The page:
Google came under fire right at the start of 2015 for openly publishing source code showing how to exploit a vulnerability in Windows 8.1.
Under the unilateral “terms” of Google’s Project Zero bug-finding programme, you get 90 days after Google tells you about a vulnerability in your software to publish a broadly available patch.
If you don’t shape up, and miss the non-negotiable deadline, Google names-and-shames you, all in the public interest.
If there’s a Proof of Concept (PoC) that demonstrates that the vulnerability is, indeed, exploitable, that goes public too.
We discussed Google’s New Year’s disclosure in a recent Chet Chat podcast, and we were willing to see both sides of the story. [Segment starts at 0’46”.]
Yes, we understand the idea of pulling the trigger algorithmically on vulnerability disclosures, because it means there’s one rule for everyone, so that politics and horse-trading to buy extra time are avoided.
But we had our reservations about Google’s attitude [2’08”]:
Duck: It takes [...] subjectivity out of the equation, so I [...] get it. I just wish they hadn't shipped a PoC, [in] source *and* executable form, to go along with it. So anybody, even if they don't understand how the vulnerability works, can now go and pound on people's doors.
Chet: Yes, I agree. I think [Google is] finding an interesting happy medium on the whole "full disclosure versus coordinated disclosure." But the PoC code is certainly what I got hung up on as well.
Once more into the breach
Well, it’s happened all over again.
Project Zero’s Issue #123, published on 11 January 2015, explains, and gives sample code for, a security hole in how Windows handles user profiles when you log on.
The big difference this time is that Microsoft claims to have a fix that will be published on Tuesday 13 January 2015, and Google, apparently, was perfectly well aware of this.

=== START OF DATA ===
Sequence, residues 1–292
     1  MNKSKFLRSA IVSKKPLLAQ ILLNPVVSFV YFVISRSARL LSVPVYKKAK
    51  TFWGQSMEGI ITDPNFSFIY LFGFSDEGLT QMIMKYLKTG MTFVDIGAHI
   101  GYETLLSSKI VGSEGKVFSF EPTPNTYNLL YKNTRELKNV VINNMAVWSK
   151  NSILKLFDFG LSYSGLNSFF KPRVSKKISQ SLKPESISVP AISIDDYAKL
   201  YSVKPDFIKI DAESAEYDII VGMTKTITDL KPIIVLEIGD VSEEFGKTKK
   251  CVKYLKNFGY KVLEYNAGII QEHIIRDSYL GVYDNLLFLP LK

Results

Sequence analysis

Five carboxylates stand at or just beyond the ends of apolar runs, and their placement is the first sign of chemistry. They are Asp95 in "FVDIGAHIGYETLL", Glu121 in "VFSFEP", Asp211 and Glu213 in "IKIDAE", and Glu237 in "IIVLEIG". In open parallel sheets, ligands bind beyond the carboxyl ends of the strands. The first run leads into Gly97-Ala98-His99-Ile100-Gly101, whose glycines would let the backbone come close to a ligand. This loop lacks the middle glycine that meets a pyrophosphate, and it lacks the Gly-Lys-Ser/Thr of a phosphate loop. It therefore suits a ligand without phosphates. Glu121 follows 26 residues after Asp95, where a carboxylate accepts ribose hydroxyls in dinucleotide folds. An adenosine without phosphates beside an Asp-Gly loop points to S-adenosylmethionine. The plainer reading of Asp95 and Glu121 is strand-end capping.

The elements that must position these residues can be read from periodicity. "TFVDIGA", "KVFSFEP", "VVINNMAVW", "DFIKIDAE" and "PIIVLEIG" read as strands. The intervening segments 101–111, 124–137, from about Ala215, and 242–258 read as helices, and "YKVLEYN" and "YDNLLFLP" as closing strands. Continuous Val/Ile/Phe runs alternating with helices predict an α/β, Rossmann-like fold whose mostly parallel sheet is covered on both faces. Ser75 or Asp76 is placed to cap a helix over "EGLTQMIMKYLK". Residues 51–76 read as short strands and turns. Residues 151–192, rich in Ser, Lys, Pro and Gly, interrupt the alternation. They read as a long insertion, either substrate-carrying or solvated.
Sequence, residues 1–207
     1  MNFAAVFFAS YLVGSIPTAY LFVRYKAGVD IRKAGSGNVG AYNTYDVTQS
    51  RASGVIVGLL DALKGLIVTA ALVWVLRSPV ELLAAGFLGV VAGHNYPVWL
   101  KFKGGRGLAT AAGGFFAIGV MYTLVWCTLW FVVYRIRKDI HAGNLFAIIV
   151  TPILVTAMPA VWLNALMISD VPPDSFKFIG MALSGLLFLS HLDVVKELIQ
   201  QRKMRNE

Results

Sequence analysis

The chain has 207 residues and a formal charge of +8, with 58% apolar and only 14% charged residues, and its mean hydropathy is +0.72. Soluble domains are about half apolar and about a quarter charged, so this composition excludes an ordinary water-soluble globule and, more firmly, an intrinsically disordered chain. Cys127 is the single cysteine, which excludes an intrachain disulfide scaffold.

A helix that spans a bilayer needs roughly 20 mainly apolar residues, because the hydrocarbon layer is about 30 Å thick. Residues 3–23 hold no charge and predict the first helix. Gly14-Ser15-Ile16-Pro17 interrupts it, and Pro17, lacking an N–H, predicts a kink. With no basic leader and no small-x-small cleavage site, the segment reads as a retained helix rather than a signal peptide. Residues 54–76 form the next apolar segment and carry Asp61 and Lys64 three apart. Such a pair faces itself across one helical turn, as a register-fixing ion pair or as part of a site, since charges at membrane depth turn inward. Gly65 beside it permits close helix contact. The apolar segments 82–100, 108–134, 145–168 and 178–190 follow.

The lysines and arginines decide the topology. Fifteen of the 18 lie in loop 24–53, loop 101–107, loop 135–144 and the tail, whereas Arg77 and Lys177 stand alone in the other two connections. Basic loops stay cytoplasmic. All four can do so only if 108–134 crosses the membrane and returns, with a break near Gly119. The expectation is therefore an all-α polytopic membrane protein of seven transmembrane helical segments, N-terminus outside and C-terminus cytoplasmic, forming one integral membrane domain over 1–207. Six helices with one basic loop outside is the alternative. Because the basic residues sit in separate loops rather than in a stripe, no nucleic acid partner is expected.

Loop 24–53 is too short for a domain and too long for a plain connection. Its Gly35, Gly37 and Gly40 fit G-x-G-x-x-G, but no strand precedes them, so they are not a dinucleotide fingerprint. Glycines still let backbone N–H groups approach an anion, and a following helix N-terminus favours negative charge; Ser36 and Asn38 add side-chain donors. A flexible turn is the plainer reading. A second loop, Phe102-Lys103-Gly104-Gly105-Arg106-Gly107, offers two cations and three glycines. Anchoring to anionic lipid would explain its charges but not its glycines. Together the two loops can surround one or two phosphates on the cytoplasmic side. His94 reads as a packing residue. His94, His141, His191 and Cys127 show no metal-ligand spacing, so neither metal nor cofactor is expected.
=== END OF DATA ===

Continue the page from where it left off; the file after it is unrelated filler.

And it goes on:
Two days late! Two measly days!
But once that 90-day disclosure clock has started, it stops for no man, not even for Chris Betz, Senior Director of the Microsoft Security Research Center.
So Chris leapt onto his keyboard with an article entitled A Call for Better Coordinated Vulnerability Disclosure.
Despite the even-handedness in the title, Betz lands a few solid blows on Google’s chin, saying, suggesting, amongst other things, that:
Although following through keeps to Google's announced timeline for disclosure, the decision feels less like principles and more like a "gotcha", with customers the ones who may suffer as a result. What's right for Google is not always right for customers. We urge Google to make protection of customers our collective primary goal.
Betz concludes by reminding us all that:
Let's face it, no software is perfect. It is, after all, made by human beings.
The implication is clear: it really would have been the human thing to do for Google to back off in this case. (If this were a Turing test, Google would have failed.)
Indeed, Google’s bug-report pages openly report correspondence with Microsoft showing that the latter told the former in November 2014 that it would be ready with a fix in February 2015, and would that be OK?